The Black Hole

April 21, 2020

I have finally seen The Black Hole for the first time in probably 25 years. No, make that 35 years. I don’t know, it’s been awhile, which is kind of weird for such an iconic, formative movie. Don’t laugh, you know it’s true — there’s a whole generation of us who saw this while we were in single digit ages who still freak out at the sight of the robot Maxamilian and the sound of his spinny blades. Not to mention the medically zombified crew (that was the scene that got me, when Kate is in the zombie-making machine and the full horror of what happened on that ship becomes clear). And then there’s that ending. Is that hell? Where did they go? What the heck happened?

So, how was it? Did it hold up? Was the childhood trauma inflicted by this justified or laughable?

It totally holds up. Totally justified.

I mean, the film is very dated in some ways. The costumes, the acting styles, the stiff blocking and slow pacing are all very 1970’s. The film is trying to be cutting-edge, clearly influenced by both 2001 and Star Wars, and frankly a film influenced by both those things is never really going to totally work. Just ask Star Trek: The Motion Picture, which also came out in 1979, oddly enough. But something interesting is going on here anyway.

The horror setup? The creeping dread? The actual story? Still sharp, still great. In fact, I kind of sort of want a remake of this with modern sensibilities — but then I realize that already happened with Event Horizon, except that film jettisoned the creeping dread for a straight-up slasher aesthetic and I completely hated it. Anyway, that’s a rant for another time.

The science fiction? “A” for effort, even if it comes off a little vague sometimes. There’s serious discussion about the sentience and agency of artificial life. The robot characters are all great. I was utterly charmed by Kate’s telepathy with robot Vincent, which is such a 1970’s SF detail but I’m okay with that. And I think this might be the first mention of an Einstein-Rosen bridge in an SF movie?

Also, big spaceship. The Cygnus is fantastic. In fact, long time readers of this blog will remember when I dived the wreck of the Spiegel Grove off Key Largo, I was vividly reminded of The Black Hole. At the time I thought it was generic space station imagery, and that drifting alongside the wreck was a fascinating and disorienting stand-in for being weightless.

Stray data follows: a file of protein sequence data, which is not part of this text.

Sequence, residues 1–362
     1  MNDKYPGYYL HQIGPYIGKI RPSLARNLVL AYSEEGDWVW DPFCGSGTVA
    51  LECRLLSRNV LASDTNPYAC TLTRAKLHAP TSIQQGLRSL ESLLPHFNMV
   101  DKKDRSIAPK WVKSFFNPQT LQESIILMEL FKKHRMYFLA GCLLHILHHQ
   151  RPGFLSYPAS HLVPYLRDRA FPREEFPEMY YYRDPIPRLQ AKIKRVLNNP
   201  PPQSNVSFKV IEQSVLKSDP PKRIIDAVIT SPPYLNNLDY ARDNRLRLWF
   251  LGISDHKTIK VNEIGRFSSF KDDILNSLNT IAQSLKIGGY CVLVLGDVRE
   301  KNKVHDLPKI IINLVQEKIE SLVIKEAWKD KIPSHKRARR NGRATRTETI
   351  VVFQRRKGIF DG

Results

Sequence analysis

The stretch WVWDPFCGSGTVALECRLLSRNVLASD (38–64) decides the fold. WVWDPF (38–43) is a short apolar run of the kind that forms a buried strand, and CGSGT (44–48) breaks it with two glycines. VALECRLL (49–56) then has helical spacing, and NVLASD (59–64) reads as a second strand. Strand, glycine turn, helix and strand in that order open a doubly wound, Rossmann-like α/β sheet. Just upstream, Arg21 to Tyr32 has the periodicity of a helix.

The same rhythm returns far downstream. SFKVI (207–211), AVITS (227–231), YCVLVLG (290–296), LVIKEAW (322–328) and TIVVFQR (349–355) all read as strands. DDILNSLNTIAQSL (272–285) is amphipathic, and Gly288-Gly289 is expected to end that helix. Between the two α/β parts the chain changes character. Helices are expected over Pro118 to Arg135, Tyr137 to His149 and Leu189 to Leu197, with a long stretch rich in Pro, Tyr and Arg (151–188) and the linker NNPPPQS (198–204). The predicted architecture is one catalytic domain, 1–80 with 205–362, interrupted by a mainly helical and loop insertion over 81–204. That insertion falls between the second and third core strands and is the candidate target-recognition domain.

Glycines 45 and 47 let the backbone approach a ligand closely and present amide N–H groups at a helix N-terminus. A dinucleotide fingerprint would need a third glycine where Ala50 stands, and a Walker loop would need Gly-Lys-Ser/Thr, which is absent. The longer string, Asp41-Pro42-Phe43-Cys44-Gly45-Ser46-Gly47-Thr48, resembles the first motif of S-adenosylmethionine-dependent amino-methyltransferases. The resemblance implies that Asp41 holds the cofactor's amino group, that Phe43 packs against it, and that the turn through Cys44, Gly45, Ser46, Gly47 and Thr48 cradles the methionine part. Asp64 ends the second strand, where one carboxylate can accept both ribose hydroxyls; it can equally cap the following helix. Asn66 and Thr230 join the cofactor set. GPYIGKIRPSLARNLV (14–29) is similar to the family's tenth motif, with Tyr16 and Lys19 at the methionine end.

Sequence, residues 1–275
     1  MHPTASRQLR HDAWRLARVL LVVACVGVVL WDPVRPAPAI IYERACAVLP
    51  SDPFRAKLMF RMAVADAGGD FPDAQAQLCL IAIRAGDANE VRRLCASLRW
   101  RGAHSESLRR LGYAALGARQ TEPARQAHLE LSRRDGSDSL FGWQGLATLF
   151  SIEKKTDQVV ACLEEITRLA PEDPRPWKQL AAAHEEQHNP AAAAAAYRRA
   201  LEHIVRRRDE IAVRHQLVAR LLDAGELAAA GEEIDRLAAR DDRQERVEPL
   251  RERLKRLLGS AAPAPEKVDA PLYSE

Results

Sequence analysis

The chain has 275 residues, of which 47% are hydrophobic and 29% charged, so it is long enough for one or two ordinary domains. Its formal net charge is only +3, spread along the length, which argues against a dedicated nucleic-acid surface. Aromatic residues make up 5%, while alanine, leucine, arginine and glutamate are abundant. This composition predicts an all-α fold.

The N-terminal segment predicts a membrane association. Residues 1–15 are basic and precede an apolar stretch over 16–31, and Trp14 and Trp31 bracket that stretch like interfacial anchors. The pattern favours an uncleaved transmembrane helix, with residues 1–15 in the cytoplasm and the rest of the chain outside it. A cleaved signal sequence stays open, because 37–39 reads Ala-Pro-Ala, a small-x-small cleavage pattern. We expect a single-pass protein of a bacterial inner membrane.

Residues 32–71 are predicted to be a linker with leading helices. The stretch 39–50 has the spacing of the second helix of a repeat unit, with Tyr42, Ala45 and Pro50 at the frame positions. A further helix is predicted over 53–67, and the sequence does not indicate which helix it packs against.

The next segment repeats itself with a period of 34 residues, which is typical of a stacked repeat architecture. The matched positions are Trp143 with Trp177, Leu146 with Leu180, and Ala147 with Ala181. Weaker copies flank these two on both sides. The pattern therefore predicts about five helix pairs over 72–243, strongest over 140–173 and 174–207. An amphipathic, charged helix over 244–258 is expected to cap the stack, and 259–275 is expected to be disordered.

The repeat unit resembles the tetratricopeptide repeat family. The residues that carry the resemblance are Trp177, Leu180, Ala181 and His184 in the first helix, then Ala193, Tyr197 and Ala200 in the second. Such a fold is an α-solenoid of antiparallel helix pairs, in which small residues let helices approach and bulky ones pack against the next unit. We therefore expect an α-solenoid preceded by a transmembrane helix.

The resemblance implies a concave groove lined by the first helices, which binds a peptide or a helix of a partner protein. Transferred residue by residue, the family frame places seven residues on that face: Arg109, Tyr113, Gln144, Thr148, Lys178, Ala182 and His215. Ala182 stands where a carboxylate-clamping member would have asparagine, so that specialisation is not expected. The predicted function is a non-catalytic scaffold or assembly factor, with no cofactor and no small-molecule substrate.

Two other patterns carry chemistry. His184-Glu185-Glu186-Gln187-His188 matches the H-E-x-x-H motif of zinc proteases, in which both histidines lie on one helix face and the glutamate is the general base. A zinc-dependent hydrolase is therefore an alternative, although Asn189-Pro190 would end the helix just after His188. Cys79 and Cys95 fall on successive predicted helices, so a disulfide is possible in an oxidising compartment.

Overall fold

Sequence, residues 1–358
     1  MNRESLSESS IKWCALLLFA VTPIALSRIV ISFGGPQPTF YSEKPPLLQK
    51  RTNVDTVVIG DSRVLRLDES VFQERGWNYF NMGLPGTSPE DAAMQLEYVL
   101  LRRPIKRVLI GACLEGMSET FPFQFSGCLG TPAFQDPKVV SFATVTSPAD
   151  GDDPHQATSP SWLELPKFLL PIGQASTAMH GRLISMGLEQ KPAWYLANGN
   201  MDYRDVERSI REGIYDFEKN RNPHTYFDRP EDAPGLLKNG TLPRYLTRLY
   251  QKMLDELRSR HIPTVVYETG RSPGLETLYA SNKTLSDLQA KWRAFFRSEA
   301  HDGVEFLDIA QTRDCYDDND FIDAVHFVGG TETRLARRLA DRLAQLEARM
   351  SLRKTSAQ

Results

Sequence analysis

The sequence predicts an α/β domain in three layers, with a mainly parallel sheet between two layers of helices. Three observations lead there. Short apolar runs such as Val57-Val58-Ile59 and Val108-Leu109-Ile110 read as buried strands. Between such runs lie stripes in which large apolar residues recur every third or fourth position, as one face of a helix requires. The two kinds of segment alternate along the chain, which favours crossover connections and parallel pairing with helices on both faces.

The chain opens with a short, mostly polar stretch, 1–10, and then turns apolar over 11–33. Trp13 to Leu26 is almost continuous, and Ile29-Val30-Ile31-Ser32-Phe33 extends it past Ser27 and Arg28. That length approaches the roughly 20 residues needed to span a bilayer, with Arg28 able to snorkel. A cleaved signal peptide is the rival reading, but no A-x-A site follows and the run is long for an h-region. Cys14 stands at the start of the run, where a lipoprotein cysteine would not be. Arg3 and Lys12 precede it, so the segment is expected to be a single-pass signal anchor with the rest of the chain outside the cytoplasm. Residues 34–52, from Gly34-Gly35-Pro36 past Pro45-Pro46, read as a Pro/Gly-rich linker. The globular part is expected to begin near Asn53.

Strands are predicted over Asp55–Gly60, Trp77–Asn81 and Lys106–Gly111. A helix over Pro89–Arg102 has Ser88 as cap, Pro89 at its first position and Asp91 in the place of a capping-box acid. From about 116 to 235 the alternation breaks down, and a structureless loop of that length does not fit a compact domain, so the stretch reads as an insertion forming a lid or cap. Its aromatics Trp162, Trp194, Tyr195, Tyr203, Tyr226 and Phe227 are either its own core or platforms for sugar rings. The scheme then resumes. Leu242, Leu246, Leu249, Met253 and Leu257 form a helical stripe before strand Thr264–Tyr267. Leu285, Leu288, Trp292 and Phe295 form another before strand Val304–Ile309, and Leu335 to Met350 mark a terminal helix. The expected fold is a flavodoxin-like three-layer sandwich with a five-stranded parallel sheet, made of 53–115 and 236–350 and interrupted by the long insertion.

Turns out, that scene in the film where they’re approaching the Cygnus? Where they’re cruising along and the ship gets larger and larger, and the scaffolding comes into view, and the scale of the thing becomes immense? That’s a lot like the actual experience of descending the line and approaching the Spiegel Grove. That wasn’t a generic association — my hindbrain remembered that scene in the film.  So cool.


6 Responses to “The Black Hole”

  1. I stumbled across my Black Hole DVD while attempting to organize the stacks (like my books, I have far more DVDs/Blus than I have the room for) and pulled it out into the “might watch during lockdown” pile. I think I’ll move it to the top of the stack now.

  2. carriev Says:

    I’m curious what other people think about it, or if my take is idiosyncratic.

  3. Vickie Browning Says:

    I remember seeing this at the show and being scared even as a teenager. I think it was Disney’s first foray into PG land which was part of the reason why I wanted to see it. That and Silent Running remain vivid memories. Need to revisit now and show my daughter.

  4. Jared Moloshok Says:

    I just saw both The Black Hole and Event Horizon for the first time recently. My personal response to both was “meh.” Both had some interesting ideas put forth (I’m inordinately fond of the “Hell is just a word” line in Event Horizon), and certainly both had some vivid moments (the final three minutes or so of The Black Hole were… unexpected) and striking production values. But neither seemed to fully realize the potency of said ideas.

    I would still love to see a sci-fi movie that takes the concept of black holes/hyperspace being scary places and runs with it. Both these movies came close, but I still feel there’s more that can be done with the idea. Points for trying, though.

  5. howardbrazee Says:

    You’re a lot younger than I am. A lot of how a movie like that can work is whether you are at an impressionable age. I wasn’t at that age.

  6. I haven’t seen it since childhood, but I remember being affected by it. I couldn’t get over wondering what happened to them. I think I drove my parents crazy asking them, and I worried about it for years!

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